So by taking your method, we should regulate those who sell firearms (done) and people should be able to buy a firearm by simply showing they are over 18/21 (ie, their driver's license or ID card). And those people who act outside the law will be dealt with by the police and we will pass laws restricting the usage of said firearms to lawful uses.

1) It's noy "my method". (To be more correct, "my analogy".) It's yours.

2) And the alcohol isn't what does the damage, in drunk driving. It's the 3000 lbs of steel which grants a person the ability to accidentally kill people.

And we place restrictions on them, too. We require them to be trained in the laws. To pass a test, covering said laws. To demonstrate the ability to control their weapon.

We keep track of who owns them. We keep statistics on how many people they kill each year. We study to try to come up with ways to reduce that number.

And, obviously, the burdens that come with that power aren't outrageously onerous. (Just look at some of the idiots who have cleared them.)

 


 

There's a bit of philosophical reasoning that has stuck in my head, from Heinlean's Starship Troopers, that I often reference.  I've described the reasoning multiple times, in this forum, and don;t feel like typing it again. 

 

Responsibility always equals power. 

 

This isn't some piece of logic, some rule about how things ought to be.  It's a Law of Nature.  It is impossible for responsibility and power to not be equal. 

 

And any attempt to create a system in which they are not equal, is doomed to failure just as surely ans any attempt to create a system which ignores conservation of energy. 

 

Well, guess what?  Walking around with a gun in your pants is a lot of power.  There needs to be an equal amount of responsibility. 

 

And no, that doesn't mean "well, we should make it illegal to shoot people, and then society should throw up their hands and announce that that's all they can do". 

 


Are you claiming that we can do something about that AND allow the vast majority of people within the US to own firearms?

 

Are you claiming that

 

1)  It's impossible to balance those two goals

 

2)  And, if we can't do both, then the only thing we can do is keep the guns flowing, and just accept it? 

Edited by Larry

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So, I was thinking about rights and how people say a Driver's licence isn't tied to any rights. I have bought into that argument for a while, but am wondering if maybe I was underthinking it.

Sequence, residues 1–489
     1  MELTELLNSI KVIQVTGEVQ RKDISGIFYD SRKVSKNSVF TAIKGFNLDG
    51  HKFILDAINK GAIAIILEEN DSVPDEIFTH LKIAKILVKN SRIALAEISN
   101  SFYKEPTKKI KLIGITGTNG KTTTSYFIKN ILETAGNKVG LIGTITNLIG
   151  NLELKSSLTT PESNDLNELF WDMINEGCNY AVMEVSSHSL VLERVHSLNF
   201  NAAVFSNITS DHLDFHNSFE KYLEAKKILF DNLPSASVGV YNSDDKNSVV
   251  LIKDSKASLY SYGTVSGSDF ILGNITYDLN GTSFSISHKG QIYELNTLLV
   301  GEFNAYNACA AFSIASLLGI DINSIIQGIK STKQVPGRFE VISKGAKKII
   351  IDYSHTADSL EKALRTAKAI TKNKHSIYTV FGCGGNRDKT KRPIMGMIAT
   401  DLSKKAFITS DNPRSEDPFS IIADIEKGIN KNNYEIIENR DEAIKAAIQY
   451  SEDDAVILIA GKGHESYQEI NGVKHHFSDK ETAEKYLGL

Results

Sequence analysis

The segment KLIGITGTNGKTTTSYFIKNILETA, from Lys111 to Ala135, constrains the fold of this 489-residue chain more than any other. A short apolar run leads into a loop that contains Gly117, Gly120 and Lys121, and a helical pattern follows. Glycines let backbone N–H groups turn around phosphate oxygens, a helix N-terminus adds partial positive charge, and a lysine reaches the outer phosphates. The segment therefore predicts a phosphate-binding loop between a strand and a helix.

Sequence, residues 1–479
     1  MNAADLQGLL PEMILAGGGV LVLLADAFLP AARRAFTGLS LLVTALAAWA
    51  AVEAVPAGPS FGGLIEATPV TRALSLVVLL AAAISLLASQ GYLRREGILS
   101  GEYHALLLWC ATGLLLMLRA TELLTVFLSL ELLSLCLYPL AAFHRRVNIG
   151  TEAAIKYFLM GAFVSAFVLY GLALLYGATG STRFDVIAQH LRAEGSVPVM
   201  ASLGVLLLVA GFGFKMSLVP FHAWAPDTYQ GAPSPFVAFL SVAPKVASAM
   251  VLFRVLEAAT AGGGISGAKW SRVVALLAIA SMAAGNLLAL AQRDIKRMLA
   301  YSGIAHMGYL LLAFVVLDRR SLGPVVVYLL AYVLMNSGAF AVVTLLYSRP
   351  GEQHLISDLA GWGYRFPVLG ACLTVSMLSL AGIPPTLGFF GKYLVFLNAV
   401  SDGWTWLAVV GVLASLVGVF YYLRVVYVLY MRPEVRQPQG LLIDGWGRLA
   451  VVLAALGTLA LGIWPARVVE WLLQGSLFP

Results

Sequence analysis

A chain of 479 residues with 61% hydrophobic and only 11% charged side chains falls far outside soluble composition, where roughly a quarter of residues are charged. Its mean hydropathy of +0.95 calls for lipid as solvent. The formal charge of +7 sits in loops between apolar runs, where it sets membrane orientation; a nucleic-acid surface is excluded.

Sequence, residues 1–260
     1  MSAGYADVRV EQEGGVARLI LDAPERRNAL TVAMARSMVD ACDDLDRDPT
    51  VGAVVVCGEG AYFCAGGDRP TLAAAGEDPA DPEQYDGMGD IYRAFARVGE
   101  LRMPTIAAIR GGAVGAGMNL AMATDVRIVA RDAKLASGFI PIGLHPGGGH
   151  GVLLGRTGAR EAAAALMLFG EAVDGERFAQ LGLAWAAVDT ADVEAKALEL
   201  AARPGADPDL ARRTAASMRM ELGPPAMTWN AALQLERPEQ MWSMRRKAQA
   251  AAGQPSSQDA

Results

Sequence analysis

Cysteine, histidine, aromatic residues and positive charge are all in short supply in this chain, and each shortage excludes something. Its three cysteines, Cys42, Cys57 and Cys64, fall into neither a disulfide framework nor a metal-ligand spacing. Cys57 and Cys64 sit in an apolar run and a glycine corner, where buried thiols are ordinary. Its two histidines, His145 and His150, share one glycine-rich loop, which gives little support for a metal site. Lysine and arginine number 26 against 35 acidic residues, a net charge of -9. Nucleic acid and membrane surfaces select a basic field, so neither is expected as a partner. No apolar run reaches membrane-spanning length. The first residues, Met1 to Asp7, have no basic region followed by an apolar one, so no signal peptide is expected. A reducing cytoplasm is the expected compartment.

We don't ask the government for permission to leave the state. We don't need a visa or passport to do so and we aren't stamped and interviewed when leaving/entering. So, with that line of thought... the movement is a right.  Clearly, one of the chief ways we move today is by car. Yet we do licence that. We control how a person is allowed to move. Much like how with gun control some attempt to control what type of weapon we are allowed to bare. After all, no one really would think it unsuitable for a militia organized in defense of the state to have access to tanks, SAMs, etc... so, we already have accepted the idea that the government should limit the type of arms we can bare. 

 

So, why shouldn't a CCV come not only with a permit, but a licence? Why shouldn't someone who wants a gun have to prove that they know how to maintain and operate it. Freedom to bare arms, freedom of movement... why not?

 

I know this argument will be ridiculed and dismissed, but maybe that driver's licence in your pocket really is a limitation on a basic, inalienable, and guaranteed right.

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1) It's noy "my method". (To be more correct, "my analogy".) It's yours.

2) And the alcohol isn't what does the damage, in drunk driving. It's the 3000 lbs of steel which grants a person the ability to accidentally kill people.

 


 

Are you claiming that

 

1)  It's impossible to balance those two goals

 

2)  And, if we can't do both, then the only thing we can do is keep the guns flowing, and just accept it? 

It is your method, because you were the one who brought up the methods.

 

Alcohol most definitely does the damage. And more over, it is the person who makes the choice to drink and then makes a choice to get in the car. Just like it's a person who makes a choice  to point a gun at someone and makes a choice to pull the trigger.